Hard boiled

Five great noir novels from the post-Chandler generations.


David Bowman
June 28, 1999 8:00PM (UTC)

You know what noir is. I do too. Noir is a gun and a bottle and a girl racing out of the city at midnight in a stolen sports car driven by a gambler wincing from a bullet hole in his left side, the wound bandaged by a money belt full of guilt, sex and bad karma.

The Girl in the Plain Brown Wrapper by John D. MacDonald

MacDonald, the last literate and unself-conscious pulp writer, was the first to explore the noir possibilities of Florida. All the titles in his Travis McGee series are precious junk. In this one -- part John Updike, part "Jane Eyre" -- the lethal Florida beach bum/sexual healer attempts to rescue a housewife held captive in suburbia by her hubby's mind-control drugs.

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The Black Dahlia by James Ellroy

Ellroy indulges in every clichi of the genre (the two-fisted loner, the femme fatale, the twisted gunsel), but triumphantly reinvents each because he is convinced he is rebuilding noir from scratch. Hooray for delusion. In his best book, Ellroy fictionalizes the notorious true story of the murder of a Los Angeles whore (literally sliced in two), using the poor girl as a psychic stand-in for the novelist's own murdered mother.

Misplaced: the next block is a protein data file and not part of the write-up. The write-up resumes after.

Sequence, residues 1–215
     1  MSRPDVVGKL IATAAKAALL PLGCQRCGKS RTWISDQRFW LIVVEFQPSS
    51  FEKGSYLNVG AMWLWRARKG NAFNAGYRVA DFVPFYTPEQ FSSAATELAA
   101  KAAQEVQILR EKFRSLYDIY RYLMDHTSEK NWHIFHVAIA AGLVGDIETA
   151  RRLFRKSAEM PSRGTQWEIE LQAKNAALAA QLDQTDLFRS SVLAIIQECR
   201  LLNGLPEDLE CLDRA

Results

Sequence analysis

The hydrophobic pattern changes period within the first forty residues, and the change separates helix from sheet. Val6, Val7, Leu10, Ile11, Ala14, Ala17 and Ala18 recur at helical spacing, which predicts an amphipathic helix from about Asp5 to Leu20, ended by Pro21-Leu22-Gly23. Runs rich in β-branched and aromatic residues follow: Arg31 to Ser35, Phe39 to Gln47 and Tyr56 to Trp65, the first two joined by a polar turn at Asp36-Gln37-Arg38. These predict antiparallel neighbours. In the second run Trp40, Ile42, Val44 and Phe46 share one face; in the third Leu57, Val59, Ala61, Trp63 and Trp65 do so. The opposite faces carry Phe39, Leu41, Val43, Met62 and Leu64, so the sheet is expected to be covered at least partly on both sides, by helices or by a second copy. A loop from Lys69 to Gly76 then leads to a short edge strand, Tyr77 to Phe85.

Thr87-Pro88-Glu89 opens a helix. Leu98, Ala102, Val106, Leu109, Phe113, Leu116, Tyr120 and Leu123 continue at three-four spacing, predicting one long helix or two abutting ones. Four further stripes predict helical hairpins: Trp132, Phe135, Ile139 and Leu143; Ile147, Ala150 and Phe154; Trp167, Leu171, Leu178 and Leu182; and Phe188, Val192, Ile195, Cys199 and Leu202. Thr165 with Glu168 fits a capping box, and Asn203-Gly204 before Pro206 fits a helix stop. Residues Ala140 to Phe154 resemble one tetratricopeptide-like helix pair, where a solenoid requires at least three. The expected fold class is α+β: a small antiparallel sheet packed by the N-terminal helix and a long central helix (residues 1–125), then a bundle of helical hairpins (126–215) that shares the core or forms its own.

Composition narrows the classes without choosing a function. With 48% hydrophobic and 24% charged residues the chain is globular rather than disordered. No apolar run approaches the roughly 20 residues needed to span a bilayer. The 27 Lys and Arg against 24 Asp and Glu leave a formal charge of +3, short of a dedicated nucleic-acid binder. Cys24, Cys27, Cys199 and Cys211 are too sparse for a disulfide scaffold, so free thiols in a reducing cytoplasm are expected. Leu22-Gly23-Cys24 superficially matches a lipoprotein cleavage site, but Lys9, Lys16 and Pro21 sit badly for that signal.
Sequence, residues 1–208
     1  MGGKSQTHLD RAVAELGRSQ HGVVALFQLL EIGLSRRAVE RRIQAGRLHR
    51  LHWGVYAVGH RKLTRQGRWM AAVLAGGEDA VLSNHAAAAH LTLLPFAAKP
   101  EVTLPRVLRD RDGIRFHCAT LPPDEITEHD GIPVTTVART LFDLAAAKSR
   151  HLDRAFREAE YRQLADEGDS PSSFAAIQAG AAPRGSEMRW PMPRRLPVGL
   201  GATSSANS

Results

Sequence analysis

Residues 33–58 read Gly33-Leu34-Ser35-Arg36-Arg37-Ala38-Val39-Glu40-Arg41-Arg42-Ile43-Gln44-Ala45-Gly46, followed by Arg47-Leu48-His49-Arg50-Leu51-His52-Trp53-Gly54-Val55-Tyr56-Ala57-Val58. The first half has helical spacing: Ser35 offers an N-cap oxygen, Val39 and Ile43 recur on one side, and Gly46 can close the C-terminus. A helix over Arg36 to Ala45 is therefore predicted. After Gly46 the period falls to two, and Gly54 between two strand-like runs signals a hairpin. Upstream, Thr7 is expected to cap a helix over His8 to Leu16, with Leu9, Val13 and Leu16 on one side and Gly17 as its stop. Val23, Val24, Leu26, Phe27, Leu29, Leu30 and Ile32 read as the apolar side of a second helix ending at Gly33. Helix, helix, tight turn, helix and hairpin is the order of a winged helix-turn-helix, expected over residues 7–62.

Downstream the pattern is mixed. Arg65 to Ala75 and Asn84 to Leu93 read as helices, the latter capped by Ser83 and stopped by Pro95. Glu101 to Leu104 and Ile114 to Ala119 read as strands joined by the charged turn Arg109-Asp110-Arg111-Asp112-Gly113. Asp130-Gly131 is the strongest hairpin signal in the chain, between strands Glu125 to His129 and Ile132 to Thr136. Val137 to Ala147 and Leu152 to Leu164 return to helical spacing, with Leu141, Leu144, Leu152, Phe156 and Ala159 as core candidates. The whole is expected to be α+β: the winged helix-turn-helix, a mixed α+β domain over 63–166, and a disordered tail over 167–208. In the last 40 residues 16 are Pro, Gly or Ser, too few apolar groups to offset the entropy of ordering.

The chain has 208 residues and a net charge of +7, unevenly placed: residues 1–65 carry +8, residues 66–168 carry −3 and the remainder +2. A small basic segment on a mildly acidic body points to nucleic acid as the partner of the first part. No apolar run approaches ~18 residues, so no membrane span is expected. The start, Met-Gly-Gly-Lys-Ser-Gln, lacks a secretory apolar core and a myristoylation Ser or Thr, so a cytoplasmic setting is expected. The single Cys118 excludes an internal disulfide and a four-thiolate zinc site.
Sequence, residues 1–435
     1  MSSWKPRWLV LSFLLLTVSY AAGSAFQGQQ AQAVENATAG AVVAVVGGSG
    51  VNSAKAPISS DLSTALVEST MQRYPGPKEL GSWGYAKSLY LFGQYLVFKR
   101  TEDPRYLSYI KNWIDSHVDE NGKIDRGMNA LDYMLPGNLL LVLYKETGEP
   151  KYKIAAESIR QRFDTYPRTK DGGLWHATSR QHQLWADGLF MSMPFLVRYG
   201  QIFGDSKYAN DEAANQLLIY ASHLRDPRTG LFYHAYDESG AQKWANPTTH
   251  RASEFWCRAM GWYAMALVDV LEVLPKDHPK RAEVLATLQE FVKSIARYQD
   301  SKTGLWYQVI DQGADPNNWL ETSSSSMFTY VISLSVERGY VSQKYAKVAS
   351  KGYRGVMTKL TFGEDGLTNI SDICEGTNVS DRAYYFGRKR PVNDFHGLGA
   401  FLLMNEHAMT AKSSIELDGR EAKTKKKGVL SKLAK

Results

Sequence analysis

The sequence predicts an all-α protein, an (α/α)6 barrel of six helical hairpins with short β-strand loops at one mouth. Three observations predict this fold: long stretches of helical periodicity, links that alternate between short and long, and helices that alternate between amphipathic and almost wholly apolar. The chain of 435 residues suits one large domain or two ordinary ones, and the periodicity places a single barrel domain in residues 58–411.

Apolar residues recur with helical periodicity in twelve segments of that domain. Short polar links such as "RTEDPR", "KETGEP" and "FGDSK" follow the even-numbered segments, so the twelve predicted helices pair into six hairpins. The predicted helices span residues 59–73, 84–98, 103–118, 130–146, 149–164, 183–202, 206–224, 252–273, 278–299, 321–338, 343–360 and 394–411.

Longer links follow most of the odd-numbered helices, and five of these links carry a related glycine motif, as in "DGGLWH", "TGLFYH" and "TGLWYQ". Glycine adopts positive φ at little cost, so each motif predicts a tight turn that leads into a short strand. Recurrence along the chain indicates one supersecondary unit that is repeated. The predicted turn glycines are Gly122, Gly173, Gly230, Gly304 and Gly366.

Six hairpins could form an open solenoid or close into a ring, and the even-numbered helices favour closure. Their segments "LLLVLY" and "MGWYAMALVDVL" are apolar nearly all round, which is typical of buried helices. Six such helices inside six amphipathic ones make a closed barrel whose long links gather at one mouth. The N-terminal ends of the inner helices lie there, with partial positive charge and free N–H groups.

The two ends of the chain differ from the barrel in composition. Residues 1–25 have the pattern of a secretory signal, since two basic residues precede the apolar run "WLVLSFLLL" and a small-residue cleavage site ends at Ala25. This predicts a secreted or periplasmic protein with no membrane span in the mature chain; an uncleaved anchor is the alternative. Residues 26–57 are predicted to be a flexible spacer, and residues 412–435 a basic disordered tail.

Tapping the Source by Kem Nunn

Nunn created his own sub-genre, surfer noir. His first and best novel concerns a young hayseed from the desert who travels to Huntington Beach to find his lost sister, last seen in the company of a psychotic surfer. Imagine Huck Finn hanging 10 with a smoking gat in each fist.

Children of Light by Robert Stone

The most unloved child of all Stone's work (even editor Robert Gottlieb hated it), this novel contains the psychic framework of a good noir while simultaneously being the burnout death of the genre (despite noble attempts at resurrection by Jonathan Lethem ("Gun With Occasional Music") and Charlie Smith ("Chimney Rock"). Stone dispenses the crime elements offstage, and then wallows in drugs, suicide, madness, Oedipal failures and Mexico -- the traditional dumping ground for noir.

Blood Orchid: An Unnatural History of America by Charles Bowden

Bowden, part reporter, all poet, chronicles noir's transcendence from pulp fiction to real life in -- guess where -- Mexico. This one is about Mexican drug dealers and a pair of Sioux drifters and Prozac-influenced sexual despair.


David Bowman

David Bowman is the author of the novel "Bunny Modern" and the nonfiction book "This Must Be the Place: The Adventures of the Talking Heads in the 20th Century."

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